According to the National Meningitis Association, meningococcal disease is estimated to infect about 1500 Americans per year, citing adolescents and young adults as the highest risk population.
Out of 500 fatalities a year from this disease, only a small percentage is among gay men.
This is not what Los Angeles politician John Duran would lead you to believe when he compared “an isolated case” in New York, where 23 gay or bisexual men were infected with meningitis which resulted in seven deaths, to the AIDS epidemic 30 years ago. The Los Angeles man who contracted meningitis, prompting Duran’s speech about the topic, died from meningitis after the press conference where Duran made a statement urging all gay and bisexual men to get vaccinated. He falsely connected the disease to being gay and sexually active.
Although meningitis is a potentially fatal disease that can be prevented with vaccination, it is misleading to associate it only with the male gay community and the CDC says that calling it “extremely contagious” is an overstatement. This type of statement led other media sources to report even more misleading stories about the events that happened in NYC. ABC’s Katie Moisse lowered her credibility as a news reporter when she ran a story that headlined, “Meningitis Spreading Via Anonymous Sex in NYC.” Moisse stated that meningitis is being transmitted sexually, which is not a supported fact, not even by the sources that she cited in her article.
Although many are trying peg meningitis as being the next epidemic that sexually active gay men should worry about, Dr. Vy Chu, who provides care to the local LGBT community at Capitol Hill Medical, says “There has been some overreaction to the meningitis ‘cluster’ in New York.”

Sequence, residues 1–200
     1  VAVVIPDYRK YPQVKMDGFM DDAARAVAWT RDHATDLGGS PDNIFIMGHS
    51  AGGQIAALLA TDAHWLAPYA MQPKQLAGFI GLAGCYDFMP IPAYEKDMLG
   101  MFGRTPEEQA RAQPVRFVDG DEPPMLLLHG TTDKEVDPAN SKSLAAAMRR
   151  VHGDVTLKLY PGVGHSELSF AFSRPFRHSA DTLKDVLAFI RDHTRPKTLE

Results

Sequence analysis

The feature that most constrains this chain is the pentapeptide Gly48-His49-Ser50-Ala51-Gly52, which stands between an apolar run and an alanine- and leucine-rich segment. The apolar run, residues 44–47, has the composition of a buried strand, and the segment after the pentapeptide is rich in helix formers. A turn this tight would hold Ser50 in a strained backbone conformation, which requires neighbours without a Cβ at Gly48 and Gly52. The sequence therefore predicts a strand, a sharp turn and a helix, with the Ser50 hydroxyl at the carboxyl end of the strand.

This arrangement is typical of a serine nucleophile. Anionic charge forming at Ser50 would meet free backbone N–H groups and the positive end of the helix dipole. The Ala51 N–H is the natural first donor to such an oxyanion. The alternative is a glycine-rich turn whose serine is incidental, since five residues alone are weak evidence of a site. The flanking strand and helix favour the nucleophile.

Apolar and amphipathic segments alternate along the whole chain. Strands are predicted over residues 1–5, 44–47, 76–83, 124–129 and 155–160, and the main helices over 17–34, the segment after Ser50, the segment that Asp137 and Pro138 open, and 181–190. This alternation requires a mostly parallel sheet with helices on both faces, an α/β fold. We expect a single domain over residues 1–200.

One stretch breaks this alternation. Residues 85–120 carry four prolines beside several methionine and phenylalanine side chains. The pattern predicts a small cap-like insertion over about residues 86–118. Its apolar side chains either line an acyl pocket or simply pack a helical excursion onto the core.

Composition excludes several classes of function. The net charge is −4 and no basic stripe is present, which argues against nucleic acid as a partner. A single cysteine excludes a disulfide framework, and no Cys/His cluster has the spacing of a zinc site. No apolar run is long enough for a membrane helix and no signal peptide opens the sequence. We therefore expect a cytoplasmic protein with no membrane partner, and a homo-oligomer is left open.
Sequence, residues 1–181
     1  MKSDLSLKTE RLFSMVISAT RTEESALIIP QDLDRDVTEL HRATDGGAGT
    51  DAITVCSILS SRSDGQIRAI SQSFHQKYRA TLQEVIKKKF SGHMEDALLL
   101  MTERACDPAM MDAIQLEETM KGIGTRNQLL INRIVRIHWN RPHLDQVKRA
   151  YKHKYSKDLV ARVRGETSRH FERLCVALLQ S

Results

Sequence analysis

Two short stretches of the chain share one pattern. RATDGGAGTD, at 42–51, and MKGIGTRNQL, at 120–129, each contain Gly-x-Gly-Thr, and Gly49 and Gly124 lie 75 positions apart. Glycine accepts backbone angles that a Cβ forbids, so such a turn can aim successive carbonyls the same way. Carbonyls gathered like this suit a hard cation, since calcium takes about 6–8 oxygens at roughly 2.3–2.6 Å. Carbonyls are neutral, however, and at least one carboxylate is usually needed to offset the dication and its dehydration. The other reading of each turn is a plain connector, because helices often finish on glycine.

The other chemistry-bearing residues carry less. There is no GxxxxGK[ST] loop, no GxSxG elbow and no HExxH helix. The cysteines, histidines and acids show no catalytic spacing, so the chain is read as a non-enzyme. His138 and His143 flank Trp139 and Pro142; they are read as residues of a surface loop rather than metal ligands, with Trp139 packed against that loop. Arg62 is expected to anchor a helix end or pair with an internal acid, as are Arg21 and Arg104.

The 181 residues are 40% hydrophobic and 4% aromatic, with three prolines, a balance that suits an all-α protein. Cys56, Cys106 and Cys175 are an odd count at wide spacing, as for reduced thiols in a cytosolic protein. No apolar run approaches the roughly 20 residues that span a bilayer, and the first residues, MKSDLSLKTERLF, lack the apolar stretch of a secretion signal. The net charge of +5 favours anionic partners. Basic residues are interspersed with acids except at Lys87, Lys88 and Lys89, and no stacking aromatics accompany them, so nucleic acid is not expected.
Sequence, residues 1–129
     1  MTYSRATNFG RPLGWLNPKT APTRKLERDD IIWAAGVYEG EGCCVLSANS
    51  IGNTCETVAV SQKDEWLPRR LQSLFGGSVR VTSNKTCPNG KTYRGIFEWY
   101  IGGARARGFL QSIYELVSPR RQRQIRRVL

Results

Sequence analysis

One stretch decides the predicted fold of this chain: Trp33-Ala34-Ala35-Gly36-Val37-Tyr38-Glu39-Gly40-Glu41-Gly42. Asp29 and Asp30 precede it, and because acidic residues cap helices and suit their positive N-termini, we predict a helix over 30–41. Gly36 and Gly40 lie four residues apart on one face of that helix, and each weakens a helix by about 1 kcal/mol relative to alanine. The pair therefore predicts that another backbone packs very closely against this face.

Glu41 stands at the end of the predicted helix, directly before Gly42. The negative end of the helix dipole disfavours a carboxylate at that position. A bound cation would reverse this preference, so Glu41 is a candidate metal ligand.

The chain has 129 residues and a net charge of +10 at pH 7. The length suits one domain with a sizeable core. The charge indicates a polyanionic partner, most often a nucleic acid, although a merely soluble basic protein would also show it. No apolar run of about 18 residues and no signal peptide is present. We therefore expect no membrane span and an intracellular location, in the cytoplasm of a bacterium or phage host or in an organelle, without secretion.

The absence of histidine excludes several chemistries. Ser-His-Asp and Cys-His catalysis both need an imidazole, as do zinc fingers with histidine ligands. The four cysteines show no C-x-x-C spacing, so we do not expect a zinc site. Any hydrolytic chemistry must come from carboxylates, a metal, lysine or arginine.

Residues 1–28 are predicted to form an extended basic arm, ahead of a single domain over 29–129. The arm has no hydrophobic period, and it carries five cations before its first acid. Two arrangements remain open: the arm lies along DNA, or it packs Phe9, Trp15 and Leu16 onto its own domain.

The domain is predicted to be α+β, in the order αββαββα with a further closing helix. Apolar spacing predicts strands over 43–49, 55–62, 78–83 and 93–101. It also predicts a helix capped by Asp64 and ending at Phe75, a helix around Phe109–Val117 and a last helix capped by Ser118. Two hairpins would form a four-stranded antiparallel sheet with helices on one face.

Chu goes on to say that there is little downside to getting the vaccination because it is a “devastating disease,” but that the LGBT community should worry more about contracting STDs.
This is not a new disease. The first meningitis outbreak was recorded in Geneva in 1805 and in the late 20th century, vaccines led to a decline in meningitis. Today meningitis still exists and can be potentially fatal if not prevented or treated but like any other disease it does not prefer a sexual orientation but rather a set of circumstances that would allow the disease to be contracted. For meningitis, according to the CDC, this bacterium is most likely “spread through the exchange of respiratory and throat secretions.”
Routine vaccinations are recommended for all who want to avoid preventable communicable diseases.